It is not trivial to add new glosses to this database. It basically means I have to go back and consult all of my sources again. Some are only available via interlibrary loan, which means it could be some time before I obtain them.
At any rate, I’ve decided to add 8 more, to bring my total to 350. I had previously had 340, then added cat in memory of my cat, and grape because I received some questions about it. Here are the 8 I have selected, and why:
honey – Language Log has had some interesting discussions about Wanderwörter, and one of them was honey. I don’t expect any surprises here, just forms based on Old Turkic *bal.
wool – I chose this because it’s likely to be found in most Turkic languages as it is a culturally salient material. Also, it’s phonologically interesting. Doerfer reconstructs the Old Turkic form as *yuŋ. This leaves a lot of room for sound changes to occur as the combination of a palatal initial, back rounded vowel, and velar nasal should do interesting things to each other.
dream – This is one of those words that comes up a lot in the reconstruction of Proto-Turkic. It ends in an /š/ sounds (PT *tǖš?) and has a long vowel, so it’s got a lot to say about the Bolgar-Common split and the development of long vowels.
copper – Copper is another major Eurasian Wanderwört. This is one where I don’t know what to expect, so I’m excited. For most of the rest of the entries I have some idea as to the Proto-Turkic form; here I have no idea. Maybe it’s just a bunch of borrowings…who knows! At least now it can join gold and silver in the pantheon of precious metals.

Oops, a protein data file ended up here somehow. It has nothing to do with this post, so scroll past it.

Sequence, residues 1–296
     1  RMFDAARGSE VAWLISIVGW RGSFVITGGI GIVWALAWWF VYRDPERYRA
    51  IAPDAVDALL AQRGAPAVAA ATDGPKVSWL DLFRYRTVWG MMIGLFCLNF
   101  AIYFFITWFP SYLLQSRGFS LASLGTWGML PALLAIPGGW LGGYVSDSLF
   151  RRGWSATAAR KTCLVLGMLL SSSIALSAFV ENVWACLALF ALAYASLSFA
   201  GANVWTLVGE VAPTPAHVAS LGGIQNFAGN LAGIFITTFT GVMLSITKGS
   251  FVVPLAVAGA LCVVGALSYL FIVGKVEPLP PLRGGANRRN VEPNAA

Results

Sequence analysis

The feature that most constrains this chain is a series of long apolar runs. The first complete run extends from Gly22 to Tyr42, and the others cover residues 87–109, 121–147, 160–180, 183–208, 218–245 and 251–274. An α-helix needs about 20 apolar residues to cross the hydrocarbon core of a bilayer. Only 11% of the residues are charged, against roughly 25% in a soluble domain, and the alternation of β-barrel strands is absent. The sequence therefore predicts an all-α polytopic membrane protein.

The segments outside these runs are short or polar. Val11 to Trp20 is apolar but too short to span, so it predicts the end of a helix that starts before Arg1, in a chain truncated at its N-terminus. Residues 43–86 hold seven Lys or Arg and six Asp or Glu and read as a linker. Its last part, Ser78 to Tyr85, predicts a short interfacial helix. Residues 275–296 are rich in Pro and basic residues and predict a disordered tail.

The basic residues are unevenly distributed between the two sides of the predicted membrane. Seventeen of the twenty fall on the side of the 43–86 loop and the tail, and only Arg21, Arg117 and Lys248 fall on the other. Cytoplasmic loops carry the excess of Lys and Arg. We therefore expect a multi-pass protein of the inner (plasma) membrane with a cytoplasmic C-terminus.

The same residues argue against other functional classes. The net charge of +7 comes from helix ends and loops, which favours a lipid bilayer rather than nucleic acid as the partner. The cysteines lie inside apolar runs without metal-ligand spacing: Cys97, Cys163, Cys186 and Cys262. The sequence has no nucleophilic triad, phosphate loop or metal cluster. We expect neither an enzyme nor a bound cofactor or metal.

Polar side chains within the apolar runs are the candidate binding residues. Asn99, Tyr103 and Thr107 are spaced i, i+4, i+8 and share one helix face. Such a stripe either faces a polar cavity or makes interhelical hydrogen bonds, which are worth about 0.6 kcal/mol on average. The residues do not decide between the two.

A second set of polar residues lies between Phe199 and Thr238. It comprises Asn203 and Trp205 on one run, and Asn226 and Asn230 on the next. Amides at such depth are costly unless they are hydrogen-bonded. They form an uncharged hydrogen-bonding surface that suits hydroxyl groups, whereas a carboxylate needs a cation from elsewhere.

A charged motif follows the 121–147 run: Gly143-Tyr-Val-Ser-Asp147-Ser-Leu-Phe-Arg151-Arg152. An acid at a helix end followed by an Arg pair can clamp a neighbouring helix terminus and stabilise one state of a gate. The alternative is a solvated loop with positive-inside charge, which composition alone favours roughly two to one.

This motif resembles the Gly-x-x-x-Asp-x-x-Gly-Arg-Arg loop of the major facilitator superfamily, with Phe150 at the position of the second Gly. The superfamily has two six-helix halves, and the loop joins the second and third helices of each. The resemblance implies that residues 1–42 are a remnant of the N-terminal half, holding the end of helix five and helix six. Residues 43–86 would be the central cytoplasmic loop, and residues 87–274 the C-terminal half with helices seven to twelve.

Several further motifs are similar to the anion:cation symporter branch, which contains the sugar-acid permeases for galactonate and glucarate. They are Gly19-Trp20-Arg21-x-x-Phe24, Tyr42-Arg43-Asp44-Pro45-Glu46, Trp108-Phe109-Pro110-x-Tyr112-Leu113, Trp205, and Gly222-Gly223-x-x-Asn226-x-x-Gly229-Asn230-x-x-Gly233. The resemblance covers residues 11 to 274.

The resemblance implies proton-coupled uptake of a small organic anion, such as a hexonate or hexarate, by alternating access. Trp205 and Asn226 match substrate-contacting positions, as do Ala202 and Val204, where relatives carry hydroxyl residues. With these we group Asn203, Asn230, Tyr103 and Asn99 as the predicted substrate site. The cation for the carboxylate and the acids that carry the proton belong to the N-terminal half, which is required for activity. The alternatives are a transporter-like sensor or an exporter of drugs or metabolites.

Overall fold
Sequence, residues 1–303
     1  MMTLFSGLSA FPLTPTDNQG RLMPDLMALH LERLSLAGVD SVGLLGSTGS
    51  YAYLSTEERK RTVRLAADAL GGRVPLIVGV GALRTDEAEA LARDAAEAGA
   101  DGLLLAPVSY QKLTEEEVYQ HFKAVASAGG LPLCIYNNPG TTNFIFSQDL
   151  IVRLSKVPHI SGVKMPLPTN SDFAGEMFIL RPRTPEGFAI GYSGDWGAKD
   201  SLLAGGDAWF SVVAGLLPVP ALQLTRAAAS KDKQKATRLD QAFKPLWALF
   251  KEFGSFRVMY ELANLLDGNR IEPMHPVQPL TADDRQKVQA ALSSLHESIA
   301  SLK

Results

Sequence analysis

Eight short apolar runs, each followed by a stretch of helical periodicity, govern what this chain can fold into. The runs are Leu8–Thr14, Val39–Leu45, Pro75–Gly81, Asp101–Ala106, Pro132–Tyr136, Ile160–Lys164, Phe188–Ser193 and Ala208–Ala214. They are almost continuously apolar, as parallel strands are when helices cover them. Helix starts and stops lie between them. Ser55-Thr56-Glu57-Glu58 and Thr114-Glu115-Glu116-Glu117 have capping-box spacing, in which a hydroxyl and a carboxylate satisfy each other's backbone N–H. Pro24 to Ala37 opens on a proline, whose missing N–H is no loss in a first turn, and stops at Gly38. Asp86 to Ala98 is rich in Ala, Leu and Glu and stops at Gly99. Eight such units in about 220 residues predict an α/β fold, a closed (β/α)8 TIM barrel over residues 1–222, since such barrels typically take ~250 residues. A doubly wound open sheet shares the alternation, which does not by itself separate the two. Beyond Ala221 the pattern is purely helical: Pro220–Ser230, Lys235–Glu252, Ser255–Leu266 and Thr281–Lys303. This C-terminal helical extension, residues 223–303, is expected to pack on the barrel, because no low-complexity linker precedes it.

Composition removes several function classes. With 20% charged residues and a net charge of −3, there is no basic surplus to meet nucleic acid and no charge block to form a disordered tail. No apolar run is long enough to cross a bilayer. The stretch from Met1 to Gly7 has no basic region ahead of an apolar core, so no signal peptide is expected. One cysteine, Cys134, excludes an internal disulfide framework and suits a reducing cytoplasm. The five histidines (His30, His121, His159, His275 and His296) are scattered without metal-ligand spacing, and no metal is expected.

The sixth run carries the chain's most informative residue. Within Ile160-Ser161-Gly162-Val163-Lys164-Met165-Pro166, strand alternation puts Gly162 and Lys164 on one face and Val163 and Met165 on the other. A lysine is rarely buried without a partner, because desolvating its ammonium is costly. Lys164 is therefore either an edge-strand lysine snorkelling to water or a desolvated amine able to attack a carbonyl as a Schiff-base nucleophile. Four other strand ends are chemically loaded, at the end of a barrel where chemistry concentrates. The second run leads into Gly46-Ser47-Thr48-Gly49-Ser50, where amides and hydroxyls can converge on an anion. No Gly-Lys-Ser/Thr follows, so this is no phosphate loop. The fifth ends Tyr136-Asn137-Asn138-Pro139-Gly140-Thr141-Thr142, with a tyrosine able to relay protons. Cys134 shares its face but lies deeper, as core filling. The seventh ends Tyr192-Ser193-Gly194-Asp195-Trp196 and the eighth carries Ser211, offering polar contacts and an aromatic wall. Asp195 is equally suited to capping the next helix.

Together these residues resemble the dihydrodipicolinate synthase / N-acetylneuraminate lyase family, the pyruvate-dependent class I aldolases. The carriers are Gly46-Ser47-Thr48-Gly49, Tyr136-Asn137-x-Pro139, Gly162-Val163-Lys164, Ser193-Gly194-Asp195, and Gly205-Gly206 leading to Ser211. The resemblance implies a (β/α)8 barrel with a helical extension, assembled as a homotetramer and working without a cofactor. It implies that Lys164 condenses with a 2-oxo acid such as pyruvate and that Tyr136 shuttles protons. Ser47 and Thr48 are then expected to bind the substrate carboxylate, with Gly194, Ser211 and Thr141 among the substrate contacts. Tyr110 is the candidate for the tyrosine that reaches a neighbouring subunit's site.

crane – I chose crane because it’s a culturally salient bird and because I believe it’s got a palatal nasal after a consonant (PT *turńa?). I’m taking a chance on this one…
onion – Mostly because I’m curious. Sometimes it’s exciting when a common word can’t be traced to common proto-form. I suspect there’s been a lot of borrowing. We’ll see.
most – This is a grammatical particle that I should have had from the beginning. Central Turkic can be reconstructed as *eŋ. I’m curious about Siberian and Bolgar. I don’t think it’s in Doerfer, which is a bummer.
navel – This is another form commonly seen in Turkic reconstructions, as it’s a common two-syllable word.
There are so many more I could add. We’ll see whether I end up adding them. I’m still tempted to add words for genitals and bathroom stuff, as well as needle, dawn, eyelash, learn, frog, hammer, axe, fly, footprint…
I’ll have a few entries for each of these forms later in the day. I expect this will boost my numbers very quickly.